Updated at 4:42 p.m.
A discovery violation by the District of Columbia has postponed a bench trial for eight Washington residents arrested in April for demonstrating in favor of local budget autonomy and voting rights.
The defendants were arrested during two protests in April and are facing misdemeanor charges of unlawful assembly and, in one case, disorderly conduct. Fellow arrestees included Mayor Vincent Gray and a half-dozen councilmembers, but they and the majority of demonstrators opted to avoid court by paying a fee and waiving their right to appear in court, commonly known as "post-and-forfeit."
A bench trial was scheduled to begin Monday morning. In light of the city's last-minute production of video and photos taken during one of the protests, however, District of Columbia Superior Court Judge Robert Morin found that a discovery violation had been committed and pushed the trial date to Nov. 15. Morin declined to rule on a motion to dismiss raised by defense attorneys.
The protests took place in April as Congress was considering action on a fiscal year 2011 spending bill that included measures restricting how city officials could spend local tax dollars. The riders served as a rallying point for advocates of D.C. voting rights and home rule.
The protestors are being represented by Bethesda, Md.-based solo practitioner Mark Goldstone, Washington solo practitioner Ann Wilcox, and Paul Strauss, a shadow senator for Washington, D.C. and an attorney with Paul Strauss & Associates, and Richard Bianco, also of Paul Strauss & Associates. One of the defendants is handling his case without an attorney.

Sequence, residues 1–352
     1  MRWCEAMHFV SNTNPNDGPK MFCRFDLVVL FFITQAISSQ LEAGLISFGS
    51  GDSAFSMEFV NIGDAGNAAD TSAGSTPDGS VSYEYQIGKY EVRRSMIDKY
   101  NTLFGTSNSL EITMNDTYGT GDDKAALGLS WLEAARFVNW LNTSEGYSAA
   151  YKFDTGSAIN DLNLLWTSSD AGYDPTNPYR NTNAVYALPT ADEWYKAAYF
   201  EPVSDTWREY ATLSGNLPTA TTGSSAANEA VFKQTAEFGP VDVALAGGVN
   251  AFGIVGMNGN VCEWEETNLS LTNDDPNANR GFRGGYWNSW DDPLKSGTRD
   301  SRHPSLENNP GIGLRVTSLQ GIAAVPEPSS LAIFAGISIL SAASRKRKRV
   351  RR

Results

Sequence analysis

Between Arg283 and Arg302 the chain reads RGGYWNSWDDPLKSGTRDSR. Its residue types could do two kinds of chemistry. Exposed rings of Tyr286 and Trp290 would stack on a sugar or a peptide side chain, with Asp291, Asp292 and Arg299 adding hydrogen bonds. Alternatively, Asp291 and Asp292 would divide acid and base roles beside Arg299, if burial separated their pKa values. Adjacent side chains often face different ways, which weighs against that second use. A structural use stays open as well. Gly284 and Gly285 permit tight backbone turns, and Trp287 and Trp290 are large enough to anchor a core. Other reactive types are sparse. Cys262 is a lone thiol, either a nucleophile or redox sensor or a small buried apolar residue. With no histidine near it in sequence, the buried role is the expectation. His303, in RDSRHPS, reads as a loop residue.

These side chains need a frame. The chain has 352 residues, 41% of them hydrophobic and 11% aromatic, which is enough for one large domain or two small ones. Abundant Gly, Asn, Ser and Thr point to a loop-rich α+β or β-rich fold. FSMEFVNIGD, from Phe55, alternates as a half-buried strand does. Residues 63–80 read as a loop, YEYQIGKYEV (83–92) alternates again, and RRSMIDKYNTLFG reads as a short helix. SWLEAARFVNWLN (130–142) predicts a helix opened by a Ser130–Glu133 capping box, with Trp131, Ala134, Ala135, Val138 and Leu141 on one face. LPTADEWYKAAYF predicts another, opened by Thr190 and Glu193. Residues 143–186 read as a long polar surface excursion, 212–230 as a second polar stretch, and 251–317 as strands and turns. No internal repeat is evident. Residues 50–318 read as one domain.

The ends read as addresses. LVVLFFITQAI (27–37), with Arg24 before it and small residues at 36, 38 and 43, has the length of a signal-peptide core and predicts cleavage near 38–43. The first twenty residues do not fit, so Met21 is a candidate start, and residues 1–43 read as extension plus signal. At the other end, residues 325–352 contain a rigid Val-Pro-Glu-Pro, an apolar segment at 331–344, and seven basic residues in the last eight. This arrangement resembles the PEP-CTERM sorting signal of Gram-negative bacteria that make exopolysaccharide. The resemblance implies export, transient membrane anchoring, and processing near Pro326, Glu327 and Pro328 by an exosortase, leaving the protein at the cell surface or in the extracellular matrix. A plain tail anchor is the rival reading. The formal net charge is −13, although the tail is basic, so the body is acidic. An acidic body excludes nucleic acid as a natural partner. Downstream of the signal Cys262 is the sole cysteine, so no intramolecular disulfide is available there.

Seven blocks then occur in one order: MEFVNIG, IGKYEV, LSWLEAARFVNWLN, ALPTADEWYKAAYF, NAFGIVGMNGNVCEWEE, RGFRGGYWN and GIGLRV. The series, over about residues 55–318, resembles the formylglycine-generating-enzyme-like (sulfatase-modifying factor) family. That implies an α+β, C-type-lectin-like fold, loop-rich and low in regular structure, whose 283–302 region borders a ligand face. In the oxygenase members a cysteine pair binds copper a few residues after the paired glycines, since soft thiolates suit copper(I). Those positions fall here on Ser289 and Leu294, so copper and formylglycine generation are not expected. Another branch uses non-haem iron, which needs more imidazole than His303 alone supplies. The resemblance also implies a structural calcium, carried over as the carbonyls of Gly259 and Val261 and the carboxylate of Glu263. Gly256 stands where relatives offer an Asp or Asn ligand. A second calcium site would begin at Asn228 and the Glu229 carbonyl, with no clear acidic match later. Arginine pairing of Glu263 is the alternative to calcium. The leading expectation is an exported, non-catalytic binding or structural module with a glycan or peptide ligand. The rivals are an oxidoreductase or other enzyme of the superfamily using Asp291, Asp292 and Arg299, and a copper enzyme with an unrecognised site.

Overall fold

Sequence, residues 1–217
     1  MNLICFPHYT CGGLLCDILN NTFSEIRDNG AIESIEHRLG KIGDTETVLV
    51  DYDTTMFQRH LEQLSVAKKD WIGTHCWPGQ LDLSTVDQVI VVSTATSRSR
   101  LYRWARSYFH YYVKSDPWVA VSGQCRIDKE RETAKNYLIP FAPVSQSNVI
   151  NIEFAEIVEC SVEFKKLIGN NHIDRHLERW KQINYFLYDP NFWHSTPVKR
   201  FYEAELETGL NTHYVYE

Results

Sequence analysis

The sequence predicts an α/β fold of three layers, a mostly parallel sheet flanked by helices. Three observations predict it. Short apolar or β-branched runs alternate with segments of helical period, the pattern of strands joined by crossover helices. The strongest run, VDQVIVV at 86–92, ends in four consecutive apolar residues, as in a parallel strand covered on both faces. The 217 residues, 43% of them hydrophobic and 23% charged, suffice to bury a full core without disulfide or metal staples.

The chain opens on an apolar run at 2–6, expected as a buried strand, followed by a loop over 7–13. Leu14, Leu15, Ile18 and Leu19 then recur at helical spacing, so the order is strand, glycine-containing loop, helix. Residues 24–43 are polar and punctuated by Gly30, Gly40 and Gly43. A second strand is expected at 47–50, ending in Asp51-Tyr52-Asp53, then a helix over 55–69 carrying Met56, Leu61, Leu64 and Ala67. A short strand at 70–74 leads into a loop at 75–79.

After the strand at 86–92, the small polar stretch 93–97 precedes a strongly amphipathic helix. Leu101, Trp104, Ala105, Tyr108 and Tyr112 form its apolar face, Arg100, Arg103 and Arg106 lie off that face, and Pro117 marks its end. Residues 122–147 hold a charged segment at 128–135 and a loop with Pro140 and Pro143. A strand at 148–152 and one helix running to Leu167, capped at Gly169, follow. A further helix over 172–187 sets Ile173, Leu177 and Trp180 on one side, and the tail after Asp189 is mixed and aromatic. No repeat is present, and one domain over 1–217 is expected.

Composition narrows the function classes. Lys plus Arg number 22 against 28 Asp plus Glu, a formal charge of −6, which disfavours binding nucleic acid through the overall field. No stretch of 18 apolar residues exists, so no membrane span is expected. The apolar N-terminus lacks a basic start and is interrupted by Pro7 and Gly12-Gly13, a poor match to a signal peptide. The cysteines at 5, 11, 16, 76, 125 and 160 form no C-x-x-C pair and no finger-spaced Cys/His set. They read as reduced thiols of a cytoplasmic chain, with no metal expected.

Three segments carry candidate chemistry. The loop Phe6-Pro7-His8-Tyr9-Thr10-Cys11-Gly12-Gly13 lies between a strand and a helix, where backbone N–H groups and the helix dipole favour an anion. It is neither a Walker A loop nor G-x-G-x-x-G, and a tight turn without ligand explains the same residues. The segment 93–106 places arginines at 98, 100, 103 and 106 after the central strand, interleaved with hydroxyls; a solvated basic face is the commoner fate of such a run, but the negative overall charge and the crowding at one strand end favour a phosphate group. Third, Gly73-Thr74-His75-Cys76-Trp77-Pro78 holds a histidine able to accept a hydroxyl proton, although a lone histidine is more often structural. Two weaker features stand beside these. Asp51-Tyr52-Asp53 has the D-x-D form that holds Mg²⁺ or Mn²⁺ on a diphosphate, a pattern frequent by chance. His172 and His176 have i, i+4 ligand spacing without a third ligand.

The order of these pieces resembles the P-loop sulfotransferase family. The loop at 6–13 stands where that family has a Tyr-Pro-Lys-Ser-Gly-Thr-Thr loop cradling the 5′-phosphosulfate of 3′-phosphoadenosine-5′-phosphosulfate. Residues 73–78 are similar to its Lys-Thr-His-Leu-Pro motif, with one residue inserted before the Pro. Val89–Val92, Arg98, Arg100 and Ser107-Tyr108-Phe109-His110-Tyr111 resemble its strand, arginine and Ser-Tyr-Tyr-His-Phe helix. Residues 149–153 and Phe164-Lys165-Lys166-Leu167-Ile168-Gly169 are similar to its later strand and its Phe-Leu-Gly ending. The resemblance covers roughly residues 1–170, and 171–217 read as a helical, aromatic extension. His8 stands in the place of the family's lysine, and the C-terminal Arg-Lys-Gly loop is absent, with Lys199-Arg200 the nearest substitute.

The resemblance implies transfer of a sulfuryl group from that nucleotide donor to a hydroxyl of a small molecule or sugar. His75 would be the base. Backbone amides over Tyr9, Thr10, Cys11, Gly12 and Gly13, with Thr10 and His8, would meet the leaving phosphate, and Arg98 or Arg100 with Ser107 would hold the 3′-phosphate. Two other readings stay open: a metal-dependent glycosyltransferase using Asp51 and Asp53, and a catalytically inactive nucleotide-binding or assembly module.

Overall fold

Seven of the defendants arrested at an April 11 demonstration are facing a charge of unlawful assembly – blocking passage. The eighth, Michael Brown, also a shadow senator for Washington, is facing a disorderly conduct charge stemming from his participation in an April 15 protest.
Proceedings were held up today after Assistant Attorney General Lilian Shepherd told Magistrate Judge Frederick Sullivan that video and 152 photos taken during the April 11 demonstration by police were being brought to the courthouse. The defense attorneys cried foul, claiming that they had never received the videos and photos during discovery.
Shepherd told the judge that when she first asked U.S. Capitol Police for materials relating to the arrests, they hadn’t produced the videos and photos now at issue. After Wilcox filed a motion to compel discovery on Friday, Shepherd said she learned about the materials from the U.S. Capitol Police.
The case was delayed and reassigned to Morin. When proceedings picked up in the early afternoon, Goldstone said that he and the other attorneys were still reviewing the materials, but argued that the last-minute production could be a Brady violation and grounds for dismissal. Shepherd said she didn’t plan to introduce the video or photos, so there would be no prejudice.
Strauss said that the defense team plans to study the new materials in the coming weeks, adding that the continuance was needed because the defendants were “prejudiced from putting on any meaningful defense.” When the trial finally does begin, U.S. Rep. Eleanor Holmes Norton (D-D.C.) is expected to testify on behalf of the defendants.
This post was updated to reflect a ruling on the discovery violation.